The Eli Young Band‘s dramatic new video, “Even if It Breaks Your Heart,” tells the story of a dreamer determined to make it big in the music world. Last year, the Texas-based band did exactly that, as “Crazy Girl” became the most-played single at country radio in 2011.
They’re following that breakthrough success with “Even if It Breaks Your Heart,” the lead track on their latest album, Life at Best. CMT hosted the world premiere of the video on Friday (Jan. 12). The four-man band shot it in the heart of downtown Nashville with director Brian Lazzaro.
Calling in prior to a concert in Virginia, drummer Chris Thompson talks about setting up his drum kit in the guitar shop, the true-to-life lyrics of the song (which was co-written by Will Hoge and Eric Paslay) and the explosive surprise at the end of the video.
CMT: What do you remember the most about the day you shot the video?
Thompson: We shot it at Gruhn Guitars in Nashville. I remember walking in and being overwhelmed by all the awesome guitars on the wall. Being a drummer, you know, I always keep my eye out for more drums, but when I see a beautiful guitar, I think it does the same thing for me that an awesome-sounding drum would do. It was a lot of fun to set up the only drum set in a vintage guitar shop! (laughs)
For people who have not heard the song yet, how would you describe the message of it?
It’s the message and the story of the band. It’s twofold. Lyrically, the story relates to what the four of us have been through, developing our career — slowly, gradually building this thing. But the underlying message of the storyline is hope and optimism. We’ve always had a lot of hope and optimism in what we’ve done, and we’ve always believed in ourselves and tried to keep pushing to see what’s around the corner. We’re shooting for the next biggest thing, and I think that’s the key to our success over a long amount of time together.
This song has such a groove to it. Is that part of the reason the band was drawn to it?
Absolutely, it absolutely was. We first heard Will Hoge’s version of the song. We were like, “Let’s not get ourselves in the way of this song. Let’s keep it really true to what he was doing with it and his musical vision of the song.” I think that’s part of what drew us to it from the get-go. But on top of that, once we recorded the song, it really set the tone for the rest of the album. I think it was one of the first three songs we recorded for this record. Once we heard it in playback, it was like, “Let’s keep going down this road.” It was a Tom Petty vibe, a sort of stripped-down, rock ‘n’ roll thing. I think that inspired a lot of the sounds on the rest of the album.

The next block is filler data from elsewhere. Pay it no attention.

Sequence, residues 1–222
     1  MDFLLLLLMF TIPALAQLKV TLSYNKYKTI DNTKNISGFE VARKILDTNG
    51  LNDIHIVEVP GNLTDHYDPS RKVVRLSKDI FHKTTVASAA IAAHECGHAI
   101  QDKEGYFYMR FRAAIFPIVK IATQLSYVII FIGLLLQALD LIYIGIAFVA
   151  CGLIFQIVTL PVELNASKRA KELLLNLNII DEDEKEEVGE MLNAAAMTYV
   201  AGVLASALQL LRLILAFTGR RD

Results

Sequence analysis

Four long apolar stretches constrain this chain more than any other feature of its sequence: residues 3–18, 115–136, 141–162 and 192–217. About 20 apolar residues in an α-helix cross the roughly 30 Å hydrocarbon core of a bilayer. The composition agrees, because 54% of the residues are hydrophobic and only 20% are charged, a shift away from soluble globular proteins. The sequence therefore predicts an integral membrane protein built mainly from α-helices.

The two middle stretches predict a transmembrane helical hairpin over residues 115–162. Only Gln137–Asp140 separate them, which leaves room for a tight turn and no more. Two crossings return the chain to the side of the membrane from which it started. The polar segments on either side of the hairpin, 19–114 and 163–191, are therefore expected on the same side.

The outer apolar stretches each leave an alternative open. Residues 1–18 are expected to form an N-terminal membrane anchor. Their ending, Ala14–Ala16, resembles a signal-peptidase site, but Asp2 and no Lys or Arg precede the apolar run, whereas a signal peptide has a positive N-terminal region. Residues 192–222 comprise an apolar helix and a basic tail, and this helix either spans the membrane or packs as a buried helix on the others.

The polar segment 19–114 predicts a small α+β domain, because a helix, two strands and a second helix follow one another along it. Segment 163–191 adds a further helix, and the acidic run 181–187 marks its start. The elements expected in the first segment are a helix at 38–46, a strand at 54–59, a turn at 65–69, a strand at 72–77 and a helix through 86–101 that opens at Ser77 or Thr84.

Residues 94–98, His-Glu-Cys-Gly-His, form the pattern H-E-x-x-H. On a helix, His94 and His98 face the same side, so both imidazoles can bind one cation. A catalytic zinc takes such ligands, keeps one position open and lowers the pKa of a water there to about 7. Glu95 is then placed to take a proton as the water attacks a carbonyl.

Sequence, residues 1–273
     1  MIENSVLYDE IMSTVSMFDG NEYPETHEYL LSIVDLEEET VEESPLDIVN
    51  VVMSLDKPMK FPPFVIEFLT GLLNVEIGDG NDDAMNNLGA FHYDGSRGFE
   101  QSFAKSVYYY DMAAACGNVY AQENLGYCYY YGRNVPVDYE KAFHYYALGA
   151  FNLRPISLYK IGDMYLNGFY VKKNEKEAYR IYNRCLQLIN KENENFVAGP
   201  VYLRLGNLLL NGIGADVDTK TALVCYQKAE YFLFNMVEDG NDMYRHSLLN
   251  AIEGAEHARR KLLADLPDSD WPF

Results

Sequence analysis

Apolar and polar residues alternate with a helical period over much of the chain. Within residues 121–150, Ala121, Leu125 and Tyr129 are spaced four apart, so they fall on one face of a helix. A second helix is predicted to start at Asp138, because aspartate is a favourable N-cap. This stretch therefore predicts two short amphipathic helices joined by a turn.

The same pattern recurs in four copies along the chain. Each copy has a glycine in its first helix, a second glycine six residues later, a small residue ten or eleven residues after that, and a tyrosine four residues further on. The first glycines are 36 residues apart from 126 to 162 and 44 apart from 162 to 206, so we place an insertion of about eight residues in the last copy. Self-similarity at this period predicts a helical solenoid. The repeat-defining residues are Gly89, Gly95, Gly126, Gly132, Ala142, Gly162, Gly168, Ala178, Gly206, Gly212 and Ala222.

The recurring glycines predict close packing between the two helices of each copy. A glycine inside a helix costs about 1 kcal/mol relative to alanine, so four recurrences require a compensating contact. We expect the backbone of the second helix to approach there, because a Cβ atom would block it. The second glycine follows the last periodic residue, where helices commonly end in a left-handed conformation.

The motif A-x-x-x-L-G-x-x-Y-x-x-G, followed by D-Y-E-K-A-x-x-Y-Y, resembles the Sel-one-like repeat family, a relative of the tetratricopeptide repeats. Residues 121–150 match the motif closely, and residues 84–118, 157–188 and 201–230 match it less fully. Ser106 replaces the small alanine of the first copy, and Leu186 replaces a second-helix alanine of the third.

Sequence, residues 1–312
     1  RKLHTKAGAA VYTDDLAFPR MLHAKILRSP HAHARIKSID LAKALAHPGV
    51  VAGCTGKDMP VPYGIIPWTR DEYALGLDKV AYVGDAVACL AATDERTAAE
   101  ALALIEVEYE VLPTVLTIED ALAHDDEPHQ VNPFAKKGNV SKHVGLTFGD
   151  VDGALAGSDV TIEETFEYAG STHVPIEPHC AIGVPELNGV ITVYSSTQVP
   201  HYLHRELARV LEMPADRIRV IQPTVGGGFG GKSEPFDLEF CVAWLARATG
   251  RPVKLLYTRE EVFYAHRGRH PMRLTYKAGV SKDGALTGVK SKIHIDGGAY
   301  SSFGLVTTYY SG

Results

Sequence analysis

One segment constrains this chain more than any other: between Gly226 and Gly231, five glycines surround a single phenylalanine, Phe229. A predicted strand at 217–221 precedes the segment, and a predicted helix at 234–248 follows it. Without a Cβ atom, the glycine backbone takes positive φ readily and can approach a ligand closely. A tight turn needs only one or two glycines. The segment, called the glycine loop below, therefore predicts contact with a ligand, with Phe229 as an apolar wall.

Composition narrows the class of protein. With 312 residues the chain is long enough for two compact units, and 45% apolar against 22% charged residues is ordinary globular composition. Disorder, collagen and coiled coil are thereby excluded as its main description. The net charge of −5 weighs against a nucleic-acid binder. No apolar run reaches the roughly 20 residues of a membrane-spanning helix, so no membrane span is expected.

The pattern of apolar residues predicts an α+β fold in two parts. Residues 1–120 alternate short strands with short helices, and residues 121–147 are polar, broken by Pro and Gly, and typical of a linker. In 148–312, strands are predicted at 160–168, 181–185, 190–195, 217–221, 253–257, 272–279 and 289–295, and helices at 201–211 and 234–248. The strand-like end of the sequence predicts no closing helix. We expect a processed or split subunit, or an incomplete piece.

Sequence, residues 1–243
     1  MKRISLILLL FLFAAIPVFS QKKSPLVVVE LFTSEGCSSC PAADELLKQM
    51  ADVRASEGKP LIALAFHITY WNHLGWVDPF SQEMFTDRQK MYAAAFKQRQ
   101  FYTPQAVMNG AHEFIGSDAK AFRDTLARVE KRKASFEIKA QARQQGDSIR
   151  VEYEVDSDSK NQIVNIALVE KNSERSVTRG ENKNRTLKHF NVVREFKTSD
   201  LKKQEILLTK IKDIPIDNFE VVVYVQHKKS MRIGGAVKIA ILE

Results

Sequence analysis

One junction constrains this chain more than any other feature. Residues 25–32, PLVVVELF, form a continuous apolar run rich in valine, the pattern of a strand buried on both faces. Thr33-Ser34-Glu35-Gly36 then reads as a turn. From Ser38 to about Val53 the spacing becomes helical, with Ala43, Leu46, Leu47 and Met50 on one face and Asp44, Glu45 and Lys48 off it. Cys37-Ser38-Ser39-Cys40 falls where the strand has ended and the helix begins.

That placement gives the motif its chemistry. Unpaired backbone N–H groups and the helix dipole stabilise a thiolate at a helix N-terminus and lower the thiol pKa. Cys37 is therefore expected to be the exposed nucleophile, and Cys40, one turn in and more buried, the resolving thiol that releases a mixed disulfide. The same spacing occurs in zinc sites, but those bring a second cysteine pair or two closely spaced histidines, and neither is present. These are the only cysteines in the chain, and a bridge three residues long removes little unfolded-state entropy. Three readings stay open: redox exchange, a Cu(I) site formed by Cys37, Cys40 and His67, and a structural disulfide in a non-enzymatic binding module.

Were you all pretty excited about the pyrotechnics in the video?
How can you not be excited about pyrotechnics?! (laughs) I guess if you’re Brooks & Dunn and you’ve had pyrotechnics in five videos or something, you could not be as excited. But for us, it was like the coolest thing ever. We’ve never had anything like that in a video. They had to have a safety demonstration done before we started filming, and then we only had three takes with the pyro. It was intense. I remember the first moment it went off, we all tightened up a little bit and cringed because we didn’t know when it was going to happen. … Some of that first take, those are the wider shots, where you can’t see our faces going, “Oh my gosh!!” (laughs)
What was going through your mind when you got to see the finished product?
Actually, all four of us commented that we had chills by the end of the video. I think Brian had it right from the get-go, and we just had some minor tweaks here and there. It’s a fun video, and it captures the four of our personalities. But more than that, I think that message of hope and optimism really comes through. That hit home with us when we first watched it.